>"Oh my God" is one of those phrases that requires context. In some settings, it expresses indignation or irritation. In others, it conveys mortification or embarrassment. It can also be used to show different types of excitement, if you get my drift.

While I say, "Oh my God," frequently in all ways, yesterday the link between "Oh my God" as please-ground-open-and-swallow-me-this-minute and heavy breathing formed in my mind. I was working on my book about the trials and tribulations of growing up, and began a chapter on sexual awakening. As I wrote about the time I asked my mom how babies were made when I was in fourth grade, I was immediately transported back in time…. (Cue flashback/excerpt.)

I turned to my mom for enlightenment. Every fall and spring, we had a "girl's night out" where she took me shopping for new clothes for the upcoming season, as I generally outgrew everything from the prior year. It was just the two of us, my dad staying home with my sister. In the fateful year of the bra, I decided to revisit the whole where babies come from issue while were shopping for t-shirts and shorts that I could stuff my roly poly figure into without looking obscene.

Really, though, by the spring of 1986, did any kids still ask their parents where babies come from? No! Most had enough common sense to learn about it in less embarrassing ways: from older kids or by digging through the library for books like, "Where Did I Come From?" Kids who were even nerdier than me might have waited an extra year and figured this shit out in the "sex ed lite" we were given in 5th grade, with the boys herded off to one room with the male junior high teachers and the girls shuttled into another, so we could learn about wet dreams, periods, and where babies come from. (Some kids probably learned about sex by reading their dad's stashes of porn mags, but I'd argue that this does not actually teach anyone where babies come from, so it doesn't count.) The point is, I am the only fourth grader dorky enough to decide to ask my mom.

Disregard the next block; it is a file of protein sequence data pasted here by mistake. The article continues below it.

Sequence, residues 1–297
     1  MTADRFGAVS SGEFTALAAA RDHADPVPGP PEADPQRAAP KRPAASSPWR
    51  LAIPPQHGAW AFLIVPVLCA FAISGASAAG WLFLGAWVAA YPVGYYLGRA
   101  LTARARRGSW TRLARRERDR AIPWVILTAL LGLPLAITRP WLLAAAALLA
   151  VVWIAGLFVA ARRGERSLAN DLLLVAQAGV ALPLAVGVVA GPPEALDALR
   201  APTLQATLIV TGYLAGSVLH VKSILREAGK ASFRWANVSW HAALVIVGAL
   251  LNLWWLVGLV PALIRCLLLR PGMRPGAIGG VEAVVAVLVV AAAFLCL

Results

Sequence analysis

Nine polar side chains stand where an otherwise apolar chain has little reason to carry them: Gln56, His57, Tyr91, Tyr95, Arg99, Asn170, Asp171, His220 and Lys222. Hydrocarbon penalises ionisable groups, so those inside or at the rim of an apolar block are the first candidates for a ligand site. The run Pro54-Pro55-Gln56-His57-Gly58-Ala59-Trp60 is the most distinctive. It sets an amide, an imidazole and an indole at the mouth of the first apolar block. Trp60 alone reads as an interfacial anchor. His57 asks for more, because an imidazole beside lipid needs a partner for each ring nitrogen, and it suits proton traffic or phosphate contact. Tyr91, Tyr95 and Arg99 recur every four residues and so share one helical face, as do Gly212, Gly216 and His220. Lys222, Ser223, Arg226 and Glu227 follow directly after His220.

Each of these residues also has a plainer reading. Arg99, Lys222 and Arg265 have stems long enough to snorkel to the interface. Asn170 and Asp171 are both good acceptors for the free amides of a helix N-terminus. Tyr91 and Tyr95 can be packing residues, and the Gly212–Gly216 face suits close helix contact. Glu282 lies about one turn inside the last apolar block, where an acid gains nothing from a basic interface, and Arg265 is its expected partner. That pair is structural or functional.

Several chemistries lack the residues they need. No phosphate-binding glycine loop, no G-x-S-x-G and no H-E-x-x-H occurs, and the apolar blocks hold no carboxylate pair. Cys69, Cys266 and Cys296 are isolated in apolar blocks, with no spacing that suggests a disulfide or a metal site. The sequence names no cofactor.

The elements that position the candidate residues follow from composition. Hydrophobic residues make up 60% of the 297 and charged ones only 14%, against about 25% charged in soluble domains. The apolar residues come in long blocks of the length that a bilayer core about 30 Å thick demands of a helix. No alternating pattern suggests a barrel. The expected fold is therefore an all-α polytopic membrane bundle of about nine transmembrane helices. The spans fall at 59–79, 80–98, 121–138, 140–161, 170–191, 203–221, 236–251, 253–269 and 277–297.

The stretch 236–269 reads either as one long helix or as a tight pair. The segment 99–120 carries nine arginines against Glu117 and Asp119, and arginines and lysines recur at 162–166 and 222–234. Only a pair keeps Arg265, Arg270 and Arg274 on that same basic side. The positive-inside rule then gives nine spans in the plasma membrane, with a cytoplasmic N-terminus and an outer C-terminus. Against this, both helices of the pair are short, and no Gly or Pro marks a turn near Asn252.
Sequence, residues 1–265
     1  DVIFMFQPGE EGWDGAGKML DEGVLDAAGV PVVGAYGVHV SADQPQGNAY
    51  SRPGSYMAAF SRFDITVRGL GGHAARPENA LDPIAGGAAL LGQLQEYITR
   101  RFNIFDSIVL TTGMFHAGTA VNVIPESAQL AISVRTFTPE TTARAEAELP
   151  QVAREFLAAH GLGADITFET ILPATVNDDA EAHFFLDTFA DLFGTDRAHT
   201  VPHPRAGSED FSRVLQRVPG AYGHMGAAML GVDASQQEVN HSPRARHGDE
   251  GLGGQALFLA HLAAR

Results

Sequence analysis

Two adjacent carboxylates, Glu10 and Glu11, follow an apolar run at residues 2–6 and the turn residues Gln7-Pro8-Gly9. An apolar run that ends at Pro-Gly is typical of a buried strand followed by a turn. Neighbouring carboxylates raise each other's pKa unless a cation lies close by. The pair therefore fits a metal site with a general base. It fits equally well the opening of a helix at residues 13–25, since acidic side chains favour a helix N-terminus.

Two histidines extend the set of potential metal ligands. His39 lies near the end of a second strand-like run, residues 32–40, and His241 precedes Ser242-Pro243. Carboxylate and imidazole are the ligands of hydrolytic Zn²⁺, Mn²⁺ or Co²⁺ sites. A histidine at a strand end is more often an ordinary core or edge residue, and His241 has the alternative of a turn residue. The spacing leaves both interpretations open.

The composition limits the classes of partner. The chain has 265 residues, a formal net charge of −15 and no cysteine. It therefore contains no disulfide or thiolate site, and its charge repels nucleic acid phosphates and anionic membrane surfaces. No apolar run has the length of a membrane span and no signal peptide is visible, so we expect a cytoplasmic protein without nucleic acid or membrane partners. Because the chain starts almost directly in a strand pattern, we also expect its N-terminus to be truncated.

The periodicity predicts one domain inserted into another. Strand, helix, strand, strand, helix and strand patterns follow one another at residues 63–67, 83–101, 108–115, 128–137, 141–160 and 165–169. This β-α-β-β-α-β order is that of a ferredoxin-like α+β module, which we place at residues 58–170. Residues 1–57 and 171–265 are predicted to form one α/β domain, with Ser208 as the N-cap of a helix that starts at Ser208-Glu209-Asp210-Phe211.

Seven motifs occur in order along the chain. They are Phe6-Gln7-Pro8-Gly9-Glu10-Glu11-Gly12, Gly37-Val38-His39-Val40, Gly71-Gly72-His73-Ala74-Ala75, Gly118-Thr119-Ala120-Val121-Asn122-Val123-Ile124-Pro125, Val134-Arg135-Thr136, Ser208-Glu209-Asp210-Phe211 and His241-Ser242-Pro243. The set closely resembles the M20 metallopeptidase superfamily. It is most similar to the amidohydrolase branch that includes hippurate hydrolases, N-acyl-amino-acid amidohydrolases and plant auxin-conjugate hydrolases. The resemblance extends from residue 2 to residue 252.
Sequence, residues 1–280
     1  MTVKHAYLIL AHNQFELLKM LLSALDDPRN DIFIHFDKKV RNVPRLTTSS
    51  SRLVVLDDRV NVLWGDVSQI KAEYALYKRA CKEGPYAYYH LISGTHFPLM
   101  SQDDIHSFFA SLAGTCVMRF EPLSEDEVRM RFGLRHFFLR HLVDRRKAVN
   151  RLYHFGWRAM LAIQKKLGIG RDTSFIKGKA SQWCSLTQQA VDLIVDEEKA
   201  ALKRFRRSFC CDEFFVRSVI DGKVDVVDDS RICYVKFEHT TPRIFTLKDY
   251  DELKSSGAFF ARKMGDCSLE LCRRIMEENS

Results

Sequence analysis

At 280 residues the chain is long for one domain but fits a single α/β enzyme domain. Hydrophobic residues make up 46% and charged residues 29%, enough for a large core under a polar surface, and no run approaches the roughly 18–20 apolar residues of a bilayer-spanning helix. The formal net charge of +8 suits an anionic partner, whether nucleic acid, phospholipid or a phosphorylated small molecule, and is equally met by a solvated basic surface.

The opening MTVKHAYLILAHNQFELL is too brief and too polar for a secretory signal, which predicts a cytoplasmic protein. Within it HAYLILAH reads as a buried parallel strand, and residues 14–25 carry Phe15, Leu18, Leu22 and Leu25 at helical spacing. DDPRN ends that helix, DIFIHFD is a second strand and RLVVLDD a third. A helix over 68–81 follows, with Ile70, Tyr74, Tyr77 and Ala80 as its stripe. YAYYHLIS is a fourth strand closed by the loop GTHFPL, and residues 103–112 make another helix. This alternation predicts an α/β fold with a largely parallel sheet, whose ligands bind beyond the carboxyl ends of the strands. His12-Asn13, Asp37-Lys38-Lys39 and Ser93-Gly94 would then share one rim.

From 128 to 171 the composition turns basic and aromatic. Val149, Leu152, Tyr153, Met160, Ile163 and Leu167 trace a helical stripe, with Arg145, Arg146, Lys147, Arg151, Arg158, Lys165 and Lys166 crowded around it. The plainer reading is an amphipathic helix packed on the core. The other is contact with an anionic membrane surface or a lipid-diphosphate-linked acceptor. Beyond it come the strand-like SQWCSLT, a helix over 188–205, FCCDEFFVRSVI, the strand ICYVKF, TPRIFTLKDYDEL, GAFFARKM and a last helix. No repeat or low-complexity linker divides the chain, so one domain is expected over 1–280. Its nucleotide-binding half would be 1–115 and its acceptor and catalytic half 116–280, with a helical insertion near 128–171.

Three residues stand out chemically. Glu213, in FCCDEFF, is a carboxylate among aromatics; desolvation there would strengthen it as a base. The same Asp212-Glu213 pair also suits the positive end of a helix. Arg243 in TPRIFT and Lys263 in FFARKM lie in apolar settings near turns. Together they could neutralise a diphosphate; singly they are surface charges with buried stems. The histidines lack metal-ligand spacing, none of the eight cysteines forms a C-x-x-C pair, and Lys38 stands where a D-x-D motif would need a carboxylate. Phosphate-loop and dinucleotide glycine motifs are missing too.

Closing time was approaching at Old Orchard mall, and my mom and I walked toward one last shop before the clock struck 9:00, and I turned into an unclothed pumpkin for the summer. The April air was cool on my face. I appreciated that it would be hard to see my face in the dark. The time was right. I took a deep breath.

"Mom," I said began nervously, then spat out the rest, "How are babies made?"
I grabbed her hand and held it tightly once the words escaped my lips, but I could not look at her.

She grabbed my hand back just as tightly, maybe out of surprise that I asked, but definitely uncomfortable. "The parents have sex," she replied in a straightforward manner. "The husband places the penis in the wife's vagina."

Oh my GOD! What was I thinking, asking her this? I wanted to curl up in a ball on the ground and die of embarrassment. No wonder my other friends preferred to hear crazy stories from other kids. I had to play it cool, though.
"Oh, OK." I said. Maybe I asked some follow up questions, but if I did, I blocked them out of my memory for good reason.

For the rest of the day, I was mortified. Last night, I told Husband about what a freak I was and asked how he found out how babies were made.

"Did you ask either of your parents?" I inquired.

He laughed. "No! I'm not a fool! I waited to learn about it in school. It wasn't a burning question."

Um, thanks. Here's my question to you, Dear Reader – how did you find out how babies were made?

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